Expedition teams. What’s your solar PC solution?

Tonight I’m doing what I’ve been doing most night for the last few months – researching solar power and solar notebook/laptop solutions. Tonight the Google search subject is expeditions. I figured that these guys must have solar computing pretty much sussed by now but I’m struggling to find a solution that can improve on my, ‘draft’, solution.

For a start, many of them are using lead-acid batteries, the most dense battery solution around. Is it because they are cheap , rugged and flexible I wonder? Why aren’t they looking at lighter Li-Ion solutions? And then there’s the panels.  All the expedition panels I’ve seen have been non-flexible  solutions. Is this because  the efficiency is  better than the flexible (CIGS) solar  solutions? That’s actually quite likely and I’m wondering if I would have been better off with a solid panel solution, especially after I just spend two hours making a frame for my flexible solution!

The biggest shock came when I looked at the PC solutions though. None of the websites I’ve looked at  attempt to  advise on  the  most  efficient laptop solution. Those that do seem to be incredibly out of date. “Laptop computers consume between 15 and 30 watts of power (some as much as 60 watts)” said  one.

It makes me wonder weather I could actually help some of  these expeditions.  I wonder what they  are using the notebooks for? Is it just  emails, logging, weather, mapping solutions, inventory management? If so then I think a UMPC could really help.  Not only  are they much lighter and smaller than your average notebook (1/3rd the weight  which could  save 3-4KG for  an expedition that  is taking two notebooks.)  but the excellent power efficiency would mean knock-on savings  with battery weight and solar panel size.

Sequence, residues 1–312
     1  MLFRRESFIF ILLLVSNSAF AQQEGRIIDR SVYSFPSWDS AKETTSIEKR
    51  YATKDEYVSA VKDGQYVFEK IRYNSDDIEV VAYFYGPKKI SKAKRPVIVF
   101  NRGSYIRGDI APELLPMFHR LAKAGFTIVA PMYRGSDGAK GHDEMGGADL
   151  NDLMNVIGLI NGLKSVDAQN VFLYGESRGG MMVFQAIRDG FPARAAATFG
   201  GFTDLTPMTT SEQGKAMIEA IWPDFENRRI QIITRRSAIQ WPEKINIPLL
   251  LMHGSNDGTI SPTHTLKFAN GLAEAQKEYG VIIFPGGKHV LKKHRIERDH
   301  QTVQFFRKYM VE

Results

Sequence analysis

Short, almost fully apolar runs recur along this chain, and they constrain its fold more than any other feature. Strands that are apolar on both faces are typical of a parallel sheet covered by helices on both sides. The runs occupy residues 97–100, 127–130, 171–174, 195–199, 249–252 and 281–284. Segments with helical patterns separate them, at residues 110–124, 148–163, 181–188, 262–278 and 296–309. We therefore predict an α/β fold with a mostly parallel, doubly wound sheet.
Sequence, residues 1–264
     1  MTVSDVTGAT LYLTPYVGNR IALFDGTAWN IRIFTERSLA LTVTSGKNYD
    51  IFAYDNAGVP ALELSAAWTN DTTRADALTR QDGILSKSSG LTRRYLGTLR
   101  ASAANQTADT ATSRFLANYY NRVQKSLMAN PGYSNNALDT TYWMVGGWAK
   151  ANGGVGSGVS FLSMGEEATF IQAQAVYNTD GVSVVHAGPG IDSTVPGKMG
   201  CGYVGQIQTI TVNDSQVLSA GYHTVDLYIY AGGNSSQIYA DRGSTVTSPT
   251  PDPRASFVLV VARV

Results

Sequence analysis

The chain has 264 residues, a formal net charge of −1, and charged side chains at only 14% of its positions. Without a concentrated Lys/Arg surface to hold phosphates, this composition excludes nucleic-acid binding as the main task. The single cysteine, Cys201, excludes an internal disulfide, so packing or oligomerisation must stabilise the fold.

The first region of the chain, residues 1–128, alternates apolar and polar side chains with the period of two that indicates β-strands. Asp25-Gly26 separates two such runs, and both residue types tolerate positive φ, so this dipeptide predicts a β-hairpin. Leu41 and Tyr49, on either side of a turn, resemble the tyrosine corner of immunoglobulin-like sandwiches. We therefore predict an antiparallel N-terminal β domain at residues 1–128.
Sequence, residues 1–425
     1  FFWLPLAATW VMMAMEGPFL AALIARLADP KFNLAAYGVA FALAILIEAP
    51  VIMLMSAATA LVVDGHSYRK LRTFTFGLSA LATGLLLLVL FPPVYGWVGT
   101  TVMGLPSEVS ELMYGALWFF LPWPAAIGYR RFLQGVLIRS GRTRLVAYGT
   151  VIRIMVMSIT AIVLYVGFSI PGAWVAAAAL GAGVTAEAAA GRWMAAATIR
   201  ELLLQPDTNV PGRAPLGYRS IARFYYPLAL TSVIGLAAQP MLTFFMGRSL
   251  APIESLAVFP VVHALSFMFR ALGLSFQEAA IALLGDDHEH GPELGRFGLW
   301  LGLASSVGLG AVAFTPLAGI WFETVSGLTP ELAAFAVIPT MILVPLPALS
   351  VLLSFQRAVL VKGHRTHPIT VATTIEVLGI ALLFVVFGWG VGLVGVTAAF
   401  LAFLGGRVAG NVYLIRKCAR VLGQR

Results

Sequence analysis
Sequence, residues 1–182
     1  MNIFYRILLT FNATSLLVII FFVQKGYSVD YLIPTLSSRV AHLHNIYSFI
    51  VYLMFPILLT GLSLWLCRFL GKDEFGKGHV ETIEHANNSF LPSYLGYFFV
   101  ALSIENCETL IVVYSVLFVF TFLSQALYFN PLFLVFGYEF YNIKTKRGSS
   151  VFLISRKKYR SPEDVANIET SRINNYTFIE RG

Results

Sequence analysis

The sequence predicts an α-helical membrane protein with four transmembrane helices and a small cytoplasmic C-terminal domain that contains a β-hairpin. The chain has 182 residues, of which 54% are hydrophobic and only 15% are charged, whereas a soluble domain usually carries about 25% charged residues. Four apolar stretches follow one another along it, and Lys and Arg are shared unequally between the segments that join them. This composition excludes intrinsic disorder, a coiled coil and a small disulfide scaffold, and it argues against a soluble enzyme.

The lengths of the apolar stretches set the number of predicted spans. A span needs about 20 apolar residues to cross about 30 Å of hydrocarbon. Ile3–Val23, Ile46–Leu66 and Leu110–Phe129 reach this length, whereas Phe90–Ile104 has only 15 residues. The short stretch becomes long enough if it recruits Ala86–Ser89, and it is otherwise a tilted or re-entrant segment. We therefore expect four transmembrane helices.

If you’re responsible for the PC solution on your expedition, please let me know what your set-up is and what you’re planning to use it for. I think I might be able to help you cut your weight or increase your computing time. For example, the very efficient VIA C7-based Samsung Q1b, retro-fitted with a solid state disk drive could average less than 9Watts of  power and give expedition team members enough time for a lot of extra emails home!

After I’ve finished the solarumpc tour I’m planning to take the knowledge gained, continue to add to it and then try and design an ultra-efficient solar-computing solution. Well at least I’ll try! I have been speaking to Select-Solar about this and they’re also keen to find out more. Maybe together we can take solar computing to the next level and make it available in a cheaper, lighter and more efficient package. I think that Ultra Mobile PC’s are going to be an important part of it because battery and solar technology seems to be advancing very slowly compared to the efficiencies of Ultra Mobile PC’s

Digital Donkey image courtesy of Alex Papadimoulis.


Technorati Tags: , , , , , , , ,